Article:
Emergency Requirements Research Evacuation Study
This study, funded by the European Commission and undertaken by a European consortium has been able to investigate a wide variety of issues related to the evacuation of Very Large Transport Aircraft (VLTA). Some exploratory evacuation trials have been carried out and areas for future research have been identified.
The purpose of Very Large Transport Aircraft (VLTA) Emergency Requirements Research Evacuation Study (VERRES) is to investigate many issues relating to post-accident survivability of larger aircraft in the future. A particular focus is on evacuation issues with detailed investigation of the role of computer models.
The use of computer models
The value of computer models of evacuation have been assessed as a major part of the study with a particular focus on VLTA. Computer based analysis techniques coupled with partial testing have been shown to assist in the design and development of safer aircraft, particularly significant for the more complex interiors that may be offered in VLTA.
VERRES includes results of the first evacuation research trials of a large double-deck aircraft. These were intended to provide data for evacuation models, particularly related to the use of stairs in addition to exploring wider issues of VLTA evacuation. These exploratory trials were able to provide an indication of the many issues involved and provided useful pointers for future, more detailed investigations. It should be noted that a more complex interior allows more crew procedural options and passenger behaviour may be less predictable with implications for crew training.
Managing large numbers of passengers A major VLTA evacuation issue would be more passengers for cabin crew to manage (although in total, the proportion of cabin crew to passengers would be expected to stay the
same), possibly with large slides and crowd management at the foot of the slides becoming more significant in importance. Concerning the passenger exit hesitation times for the high sill height, the trials produced inconclusive results. Whilst the measured exit flow rates are lower and the passenger exit delay times are longer than would be expected for a normal Type-A exit, it was clear that the extreme caution of the cabin crew positioned at the exits and the lack of (panic) motivation of the passengers exerted a strong influence on the data produced.
The management of large numbers of passengers in a more complex cabin interior than current aircraft is an issue. The need for improved situational awareness for cabin crew has been considered and improved communication systems for them may be worthy of further investigation. These could be visual information display systems perhaps placed at exits or portable systems to allow crew to share information regardless of location. These tools may enable better command and control procedures to be developed for the cabin crew.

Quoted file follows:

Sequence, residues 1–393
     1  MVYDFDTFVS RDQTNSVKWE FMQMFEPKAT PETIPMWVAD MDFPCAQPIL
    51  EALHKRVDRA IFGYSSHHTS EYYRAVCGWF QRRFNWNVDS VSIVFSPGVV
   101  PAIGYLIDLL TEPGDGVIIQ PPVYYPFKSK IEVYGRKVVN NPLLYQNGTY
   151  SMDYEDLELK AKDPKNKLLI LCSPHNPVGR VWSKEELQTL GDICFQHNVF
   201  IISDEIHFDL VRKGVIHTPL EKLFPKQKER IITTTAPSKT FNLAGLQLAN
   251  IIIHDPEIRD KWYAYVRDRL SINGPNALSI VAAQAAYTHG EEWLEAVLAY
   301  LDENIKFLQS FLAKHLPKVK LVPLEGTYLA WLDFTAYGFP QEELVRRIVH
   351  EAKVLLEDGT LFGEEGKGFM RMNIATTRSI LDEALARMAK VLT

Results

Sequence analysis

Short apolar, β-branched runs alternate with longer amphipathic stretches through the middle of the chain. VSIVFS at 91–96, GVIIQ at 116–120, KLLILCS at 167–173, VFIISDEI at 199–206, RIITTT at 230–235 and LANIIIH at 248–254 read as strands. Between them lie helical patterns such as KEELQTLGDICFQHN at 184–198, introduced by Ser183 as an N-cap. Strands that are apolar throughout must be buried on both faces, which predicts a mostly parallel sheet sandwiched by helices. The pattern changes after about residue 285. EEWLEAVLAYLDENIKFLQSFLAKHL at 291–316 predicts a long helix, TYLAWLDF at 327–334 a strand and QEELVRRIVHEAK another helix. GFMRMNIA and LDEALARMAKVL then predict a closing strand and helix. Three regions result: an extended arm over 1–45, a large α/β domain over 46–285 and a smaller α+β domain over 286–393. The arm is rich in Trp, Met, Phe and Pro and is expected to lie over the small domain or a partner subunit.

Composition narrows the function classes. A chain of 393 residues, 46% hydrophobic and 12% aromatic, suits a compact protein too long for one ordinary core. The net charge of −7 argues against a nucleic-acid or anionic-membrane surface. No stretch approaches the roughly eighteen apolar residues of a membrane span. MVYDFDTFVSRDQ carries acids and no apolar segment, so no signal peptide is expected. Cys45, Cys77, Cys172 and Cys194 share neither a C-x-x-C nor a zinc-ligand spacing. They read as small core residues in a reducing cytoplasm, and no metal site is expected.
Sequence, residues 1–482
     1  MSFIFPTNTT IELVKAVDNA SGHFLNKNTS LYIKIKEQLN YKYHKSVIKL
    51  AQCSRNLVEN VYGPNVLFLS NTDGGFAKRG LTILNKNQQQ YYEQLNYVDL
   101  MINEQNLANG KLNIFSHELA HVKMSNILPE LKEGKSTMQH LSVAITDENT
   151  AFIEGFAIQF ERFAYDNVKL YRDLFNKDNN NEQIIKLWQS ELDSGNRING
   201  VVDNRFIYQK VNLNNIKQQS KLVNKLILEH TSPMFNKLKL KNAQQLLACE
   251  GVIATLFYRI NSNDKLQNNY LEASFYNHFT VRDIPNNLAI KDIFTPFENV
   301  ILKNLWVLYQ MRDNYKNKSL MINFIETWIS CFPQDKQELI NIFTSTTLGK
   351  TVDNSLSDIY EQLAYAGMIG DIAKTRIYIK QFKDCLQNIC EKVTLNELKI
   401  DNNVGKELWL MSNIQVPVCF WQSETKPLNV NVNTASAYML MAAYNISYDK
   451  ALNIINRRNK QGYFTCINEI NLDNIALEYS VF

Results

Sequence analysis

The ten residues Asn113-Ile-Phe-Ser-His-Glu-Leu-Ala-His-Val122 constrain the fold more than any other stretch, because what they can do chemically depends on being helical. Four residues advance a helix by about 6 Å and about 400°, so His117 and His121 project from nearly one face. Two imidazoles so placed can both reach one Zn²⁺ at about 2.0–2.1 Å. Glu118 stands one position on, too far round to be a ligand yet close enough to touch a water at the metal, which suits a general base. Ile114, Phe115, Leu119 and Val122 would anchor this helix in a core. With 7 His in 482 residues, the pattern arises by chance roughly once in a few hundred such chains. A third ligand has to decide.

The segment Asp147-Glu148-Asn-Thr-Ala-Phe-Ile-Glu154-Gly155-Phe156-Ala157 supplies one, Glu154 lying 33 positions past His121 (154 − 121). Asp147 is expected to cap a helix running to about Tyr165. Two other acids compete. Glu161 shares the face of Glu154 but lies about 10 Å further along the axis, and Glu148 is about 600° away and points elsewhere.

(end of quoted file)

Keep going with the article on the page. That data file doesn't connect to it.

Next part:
The communication of safety information to passengers is likely to continue to be difficult to successfully achieve. Providing situational awareness to passengers in a more complex VLTA interior will be a challenge and improved techniques may be required.
Research recommendations are made to:
- Conduct further experimentation and computer simulation on the use of stairs (and handrails) in the evacuation process for accident/incidents and precautionary evacuations. The VERRES trials provide an indication of some of the passenger movement issues but more trials would be required to establish conclusive results. The purpose would be to formalise the use of stairs and stair management.
- Continue to develop and eventually demonstrate (through parallel application with certification trials – both historic and new) a framework for the use of aircraft evacuation simulation for certification purposes.
- Continue the development of aircraft evacuation modelling technology to enhance
existing behavioural capabilities, in particular in the area of crew-passenger interaction and passenger behaviour in real accident scenarios; e.g. ability for passengers to climb over seats and their behaviour in fire/smoke environments.
- Collect data on the passenger exit hesitation time distribution associated with representative VLTA upper deck exits to better characterise the performance of these exits and for use in computer simulation.
- Gain a greater knowledge of passenger behaviour and passenger- crew interaction in an emergency within a VLTA through experiments (plus the use of software models noted in recommendation 3) in order to maximise evacuation efficiency.
- Assess the importance of exit visibility. This should include the evaluation of new materials and intelligent systems to make the location and status of the exit more apparent to passengers (and crew).
- Review the use of upper-deck slides for large numbers of passengers in accident/incidents and precautionary evacuations with the purpose of maximising evacuation efficiency and minimising injuries.
European Commission DG TREN Final Report for Publication
- Conduct experimentation on enhanced crew communication (with the flight crew and between cabin crew) in accident/incidents and precautionary situations (attention should be paid to the crew organisation and communication means).
- Conduct research work on the improvement of the passenger safety information delivery process (safety objectives, media and timing).
- Conduct experimentation on cabin crew location significance (special attention should be paid to panic mitigation and passenger flow redirection).
EADS Airbus (EADS)
Civil Aviation Authority – Safety Regulation Group (SRG); University of Greenwich (UOG); Virgin Atlantic Airways (VAA)
Cranfield University (CU)